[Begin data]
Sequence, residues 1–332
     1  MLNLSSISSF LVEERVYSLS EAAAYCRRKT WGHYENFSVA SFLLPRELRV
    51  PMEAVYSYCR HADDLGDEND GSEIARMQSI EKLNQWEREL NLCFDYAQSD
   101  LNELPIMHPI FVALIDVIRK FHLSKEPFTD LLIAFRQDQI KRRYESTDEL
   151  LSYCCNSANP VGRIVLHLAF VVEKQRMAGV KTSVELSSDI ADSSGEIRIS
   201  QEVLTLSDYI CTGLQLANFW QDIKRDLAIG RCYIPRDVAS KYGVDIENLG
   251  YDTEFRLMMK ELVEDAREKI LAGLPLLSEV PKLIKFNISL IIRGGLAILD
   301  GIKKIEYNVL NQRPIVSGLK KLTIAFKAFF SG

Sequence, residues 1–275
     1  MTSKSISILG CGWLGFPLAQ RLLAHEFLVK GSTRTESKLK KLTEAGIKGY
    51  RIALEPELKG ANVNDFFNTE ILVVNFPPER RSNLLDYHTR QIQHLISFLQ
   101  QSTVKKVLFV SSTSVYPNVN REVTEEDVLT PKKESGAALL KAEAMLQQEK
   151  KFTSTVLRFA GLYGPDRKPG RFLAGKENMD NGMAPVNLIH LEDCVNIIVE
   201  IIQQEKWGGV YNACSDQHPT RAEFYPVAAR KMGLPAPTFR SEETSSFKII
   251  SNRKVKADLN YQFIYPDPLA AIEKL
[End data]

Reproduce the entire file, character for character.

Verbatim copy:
Sequence, residues 1–332
     1  MLNLSSISSF LVEERVYSLS EAAAYCRRKT WGHYENFSVA SFLLPRELRV
    51  PMEAVYSYCR HADDLGDEND GSEIARMQSI EKLNQWEREL NLCFDYAQSD
   101  LNELPIMHPI FVALIDVIRK FHLSKEPFTD LLIAFRQDQI KRRYESTDEL
   151  LSYCCNSANP VGRIVLHLAF VVEKQRMAGV KTSVELSSDI ADSSGEIRIS
   201  QEVLTLSDYI CTGLQLANFW QDIKRDLAIG RCYIPRDVAS KYGVDIENLG
   251  YDTEFRLMMK ELVEDAREKI LAGLPLLSEV PKLIKFNISL IIRGGLAILD
   301  GIKKIEYNVL NQRPIVSGLK KLTIAFKAFF SG

Sequence, residues 1–275
     1  MTSKSISILG CGWLGFPLAQ RLLAHEFLVK GSTRTESKLK KLTEAGIKGY
    51  RIALEPELKG ANVNDFFNTE ILVVNFPPER RSNLLDYHTR QIQHLISFLQ
   101  QSTVKKVLFV SSTSVYPNVN REVTEEDVLT PKKESGAALL KAEAMLQQEK
   151  KFTSTVLRFA GLYGPDRKPG RFLAGKENMD NGMAPVNLIH LEDCVNIIVE
   201  IIQQEKWGGV YNACSDQHPT RAEFYPVAAR KMGLPAPTFR SEETSSFKII
   251  SNRKVKADLN YQFIYPDPLA AIEKL